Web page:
(This article is to be read in conjunction with the Editorial Note below)
The rule of drinking and driving is simple, don’t do it. It is a proven fact that your driving is impaired after even one unit of alcohol, so it is safer to not drink at all when you know you will be driving. Driving under the influence is a criminal offence and it only takes one point over the limit to seal your fate – which could mean up to six years in prison.
“Drunk driving is one of the biggest threats to Road Safety in South Africa,” says Gary Ronald, Head of Public Affairs for the AA (Automobile Association of South Africa). “More than 21,000 people have been arrested on our roads in the last year as a result of drinking and driving, and it has been shown that 50% of people who die on our roads are over the limit.”
So how exactly do we define what the limit is? In South Africa, the legal limit is a breath alcohol content of 0.24mg per 1,000ml, or a blood alcohol limit of 0.05g per 100ml, a fact that should be burnt into every motorist’s memory [however see Editor’s note below concerning government’s “zero blood-alcohol limit” proposal]. This begs the question: ‘what does this mean for me, and what specifically constitutes being over the limit?’
The rule of thumb is a maximum of one unit of alcohol per hour, which constitutes 10ml of pure alcohol, based on an adult weighing 68kg. Our bodies can process only one unit of alcohol each hour. However, it is important to be aware that if you weigh less than 68kg your body will need more time to process the same amount of alcohol.
What does one unit represent in layman’s terms?
- It is equal to two thirds of a beer or spirit cooler with 5% alcohol content.
- For those who drink wine, 75ml of red or white wine per hour with an alcohol content of 12% to 14% is acceptable.
- Whisky and brandy connoisseurs can drink up to one 25ml tot of alcohol per hour.
In case you are wondering if there are any quick-fix solutions, drinking coffee to get sober is a myth, as is taking a cold shower or drinking a litre of water. Once the alcohol is in your system your liver is going to need time to process it, and restricting yourself to only one unit per hour will give your body the time it needs to stay sober in the eyes of the law.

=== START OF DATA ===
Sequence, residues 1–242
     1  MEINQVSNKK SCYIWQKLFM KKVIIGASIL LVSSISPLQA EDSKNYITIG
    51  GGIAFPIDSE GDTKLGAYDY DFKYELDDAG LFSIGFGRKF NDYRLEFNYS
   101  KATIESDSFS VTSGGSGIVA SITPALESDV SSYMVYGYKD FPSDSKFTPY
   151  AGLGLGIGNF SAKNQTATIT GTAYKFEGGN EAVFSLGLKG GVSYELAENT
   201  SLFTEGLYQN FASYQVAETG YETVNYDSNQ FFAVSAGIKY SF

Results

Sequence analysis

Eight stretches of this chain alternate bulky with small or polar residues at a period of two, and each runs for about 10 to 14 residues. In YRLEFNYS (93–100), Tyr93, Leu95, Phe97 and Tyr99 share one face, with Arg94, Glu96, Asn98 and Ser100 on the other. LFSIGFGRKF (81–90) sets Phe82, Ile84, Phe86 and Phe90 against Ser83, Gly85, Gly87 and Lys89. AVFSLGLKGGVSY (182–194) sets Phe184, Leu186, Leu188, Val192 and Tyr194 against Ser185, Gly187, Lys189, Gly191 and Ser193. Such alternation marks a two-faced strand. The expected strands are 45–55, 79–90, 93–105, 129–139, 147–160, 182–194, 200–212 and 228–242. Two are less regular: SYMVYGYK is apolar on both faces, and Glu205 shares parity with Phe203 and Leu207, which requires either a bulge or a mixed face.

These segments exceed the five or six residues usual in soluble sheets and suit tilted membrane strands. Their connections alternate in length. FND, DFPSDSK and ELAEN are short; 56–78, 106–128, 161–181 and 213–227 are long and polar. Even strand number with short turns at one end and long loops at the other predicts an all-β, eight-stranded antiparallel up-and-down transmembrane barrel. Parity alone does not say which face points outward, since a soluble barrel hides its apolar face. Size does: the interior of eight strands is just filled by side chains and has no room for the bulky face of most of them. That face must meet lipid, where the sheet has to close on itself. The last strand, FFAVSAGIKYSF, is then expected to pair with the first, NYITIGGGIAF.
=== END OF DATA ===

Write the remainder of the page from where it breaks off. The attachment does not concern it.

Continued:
“Alcohol significantly slows reaction time and distorts your vision, and the effects of a heavy night of drinking could well affect your driving ability the next morning, and you may still even be over the legal limit. After only one unit of alcohol, your chances of being in an accident are doubled, and when you are at the legal limit of 0.24mg, you are four times more likely to be in an accident. At the end of the day, motorists need to ask if it’s really worth risking the consequences before drinking and driving,” says Ronald.
Editorial Note (August 2015):
The aforementioned article was written and published by Automobile Association of South Africa (AA) and contains insight into the topic of driving whilst under the influence of alcohol.
The Legal Limit in South Africa for professional drivers i.e. people who drive for a living eg. Bus Drivers, Courier and Truck Drivers, is 0.02 % B.A.C (0.10mg/l brAC) 0.02g per 100ml
Note however, that the Department of Transport has proposed a zero blood-alcohol limit in General Notice 77 of 2015 of 28 January 2015.
Important: Readers hereof are advised to ensure that they are fully appraised of the legal limits which apply from time to time. The information contained herein is advisory in nature only and aimed strictly at drawing the reader’s attention to the risks attendant to driving whilst under the influence of alcohol. Any reliance hereon shall be entirely at the reader’s risk and no liability shall attach to either the authors hereof and / or employers, associates, domain / website owners etc.